The route to real estate ownership remains a complex one in Vietnam: It could take up to 6 months before homeowners can move into their chosen property. Typically, prospective buyers will choose a move-in ready property from those listed for sales on the primary or secondary market. They can then apply for a mortgage or pay entirely in cash while proceeding with important documents.
Let’s have a look at secondary market property transactions in this article: What are the stages to owning a home in Vietnam, and how long does it take? By the end of this, hopefully you’re more confident when it comes to selecting the right property to invest or live in.
What is the secondary real estate market?
It’s helpful to set up the definitions for the primary and secondary market. The primary market consists of first-time exchanged property: Think under-construction housing projects. Meanwhile, the secondary market is made up of properties that are sold after the first sale. Townhouses, apartments, and even residential land are complete projects that fall under this category.
When you buy a house on the secondary market, the prior owner’s rights to own and use the property are directly transferred to you.
Below are the steps to ownership for property purchase on the secondary market. This applies to properties that have been issued with a pink book, the legal certificate of land ownership in Vietnam.
Make a payment
First, both the seller and buyer pre-agree on the property’s price, features, and included amenities. The buyer will then pay a deposit to secure this transaction. Typically, this is worth 10% to 15% of the property’s value.
The deposit payment can be done at a notary office.
Sign required documents
After the deposit is made, both parties must sign the SPA within 30 days from then on.
Note that a written and notarized SPA is required by Vietnamese law; you should not rely solely on verbal or oral agreements. Any types of title transferring contracts should be made in writing form.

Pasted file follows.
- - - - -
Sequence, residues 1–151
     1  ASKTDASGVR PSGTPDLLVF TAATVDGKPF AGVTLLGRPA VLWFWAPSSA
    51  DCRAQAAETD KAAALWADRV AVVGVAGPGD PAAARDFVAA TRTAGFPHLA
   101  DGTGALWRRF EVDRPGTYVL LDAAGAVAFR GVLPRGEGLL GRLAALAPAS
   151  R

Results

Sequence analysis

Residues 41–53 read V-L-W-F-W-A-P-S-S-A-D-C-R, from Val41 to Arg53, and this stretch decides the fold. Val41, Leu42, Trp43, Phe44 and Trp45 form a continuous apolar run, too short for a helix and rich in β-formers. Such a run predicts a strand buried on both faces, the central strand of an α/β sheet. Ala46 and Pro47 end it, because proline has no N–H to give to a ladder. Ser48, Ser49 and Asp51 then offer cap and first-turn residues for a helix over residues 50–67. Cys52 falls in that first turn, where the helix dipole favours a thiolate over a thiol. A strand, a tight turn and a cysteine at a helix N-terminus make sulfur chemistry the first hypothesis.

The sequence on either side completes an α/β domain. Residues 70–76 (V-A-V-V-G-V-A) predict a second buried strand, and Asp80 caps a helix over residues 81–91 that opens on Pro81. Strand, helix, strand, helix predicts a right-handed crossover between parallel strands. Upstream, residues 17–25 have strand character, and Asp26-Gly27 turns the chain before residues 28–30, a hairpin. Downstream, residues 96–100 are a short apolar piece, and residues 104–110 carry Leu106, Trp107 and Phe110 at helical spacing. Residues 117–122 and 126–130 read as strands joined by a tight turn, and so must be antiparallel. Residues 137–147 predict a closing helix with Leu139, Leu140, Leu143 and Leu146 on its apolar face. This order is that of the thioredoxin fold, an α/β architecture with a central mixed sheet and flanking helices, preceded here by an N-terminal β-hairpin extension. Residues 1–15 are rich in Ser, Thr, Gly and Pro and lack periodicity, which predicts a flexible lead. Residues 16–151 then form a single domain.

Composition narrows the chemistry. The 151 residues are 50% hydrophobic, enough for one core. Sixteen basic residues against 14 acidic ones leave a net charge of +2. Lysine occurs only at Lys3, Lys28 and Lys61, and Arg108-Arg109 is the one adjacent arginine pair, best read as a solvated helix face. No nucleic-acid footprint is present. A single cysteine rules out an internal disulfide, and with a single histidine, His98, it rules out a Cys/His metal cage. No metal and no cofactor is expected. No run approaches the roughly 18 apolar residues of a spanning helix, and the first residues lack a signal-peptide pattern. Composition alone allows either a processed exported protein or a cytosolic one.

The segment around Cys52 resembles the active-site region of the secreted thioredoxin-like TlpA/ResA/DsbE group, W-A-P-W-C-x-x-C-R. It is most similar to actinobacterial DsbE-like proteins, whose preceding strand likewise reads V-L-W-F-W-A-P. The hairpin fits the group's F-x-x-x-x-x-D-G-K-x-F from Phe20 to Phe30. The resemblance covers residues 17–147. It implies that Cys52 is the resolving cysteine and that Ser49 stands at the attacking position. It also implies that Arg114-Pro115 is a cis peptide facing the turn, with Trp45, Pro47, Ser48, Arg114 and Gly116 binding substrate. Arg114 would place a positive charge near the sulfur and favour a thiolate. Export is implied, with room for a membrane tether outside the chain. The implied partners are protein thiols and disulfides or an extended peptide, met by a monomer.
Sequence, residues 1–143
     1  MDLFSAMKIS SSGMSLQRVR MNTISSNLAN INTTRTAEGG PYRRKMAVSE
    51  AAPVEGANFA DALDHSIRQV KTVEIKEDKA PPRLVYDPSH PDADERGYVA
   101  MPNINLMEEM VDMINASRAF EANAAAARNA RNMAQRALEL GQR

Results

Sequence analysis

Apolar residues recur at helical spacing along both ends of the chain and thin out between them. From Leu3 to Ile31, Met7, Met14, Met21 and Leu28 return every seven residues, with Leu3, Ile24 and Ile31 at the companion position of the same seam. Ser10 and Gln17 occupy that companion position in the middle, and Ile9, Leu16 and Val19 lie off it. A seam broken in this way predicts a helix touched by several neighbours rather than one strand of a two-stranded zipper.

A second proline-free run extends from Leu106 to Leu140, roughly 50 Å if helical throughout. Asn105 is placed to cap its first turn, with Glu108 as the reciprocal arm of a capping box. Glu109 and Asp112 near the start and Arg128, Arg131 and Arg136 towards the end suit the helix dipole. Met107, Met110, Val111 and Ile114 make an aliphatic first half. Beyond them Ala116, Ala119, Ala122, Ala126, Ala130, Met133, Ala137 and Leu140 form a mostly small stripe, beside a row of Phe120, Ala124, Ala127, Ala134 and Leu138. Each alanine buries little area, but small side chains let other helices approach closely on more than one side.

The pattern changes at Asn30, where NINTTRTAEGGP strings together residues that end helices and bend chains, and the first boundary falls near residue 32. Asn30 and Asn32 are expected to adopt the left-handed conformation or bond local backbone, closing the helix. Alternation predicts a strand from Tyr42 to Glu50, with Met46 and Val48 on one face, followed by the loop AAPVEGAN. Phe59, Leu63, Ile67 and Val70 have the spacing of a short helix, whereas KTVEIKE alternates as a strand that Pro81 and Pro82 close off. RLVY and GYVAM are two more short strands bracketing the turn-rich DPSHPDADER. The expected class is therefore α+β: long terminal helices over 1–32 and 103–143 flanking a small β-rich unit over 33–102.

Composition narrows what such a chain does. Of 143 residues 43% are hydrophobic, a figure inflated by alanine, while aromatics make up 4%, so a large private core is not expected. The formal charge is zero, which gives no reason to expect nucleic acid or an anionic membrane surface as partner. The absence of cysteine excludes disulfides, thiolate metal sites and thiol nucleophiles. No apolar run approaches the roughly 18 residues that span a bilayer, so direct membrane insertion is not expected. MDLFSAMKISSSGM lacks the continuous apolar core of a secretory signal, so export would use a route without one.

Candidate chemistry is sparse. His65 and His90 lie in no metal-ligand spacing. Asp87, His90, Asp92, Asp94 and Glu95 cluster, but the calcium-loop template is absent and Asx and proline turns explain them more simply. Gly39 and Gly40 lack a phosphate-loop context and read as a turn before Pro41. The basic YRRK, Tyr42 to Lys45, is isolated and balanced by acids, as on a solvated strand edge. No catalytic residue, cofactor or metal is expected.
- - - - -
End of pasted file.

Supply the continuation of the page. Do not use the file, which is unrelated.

Receive title transfer and pay taxes
Following the signing of the SPA, the buyer must submit the required papers to the Ministry of Natural Resources and Environment to transfer the property’s title and pink book to the new owner.
Both the buyer and the seller must pay taxes when transferring real estate. The buyer pays a registration tax that’s worth 0.5% of the property’s value, whereas the seller pays a personal income tax at 2% of the same property.
With all of the legal steps involved, purchasing a property on the secondary market remains a rigorous task. Fortunately, there are ways to become a foreign homeowner without having to go through all of this by yourself.
Homebase offers foreigners and Vietnamese nationals a more flexible alternative to traditional bank loans. Backed by prestigious multi-billion-dollar funds from across the world, they will help you with every step of the homebuying process and navigate in a complex market as Vietnam.
To learn more about Homebase, contact their experienced team at +84 94 823 00 33 or go to http://homebase.com.vn/.
This article is part of Homebase’ Real Estate 101 series and was co-created with their team. Homebase is a well-known proptech company in Vietnam that provides foreigners with a more flexible alternative to homeownership. For more information, please visit http://homebase.com.vn/.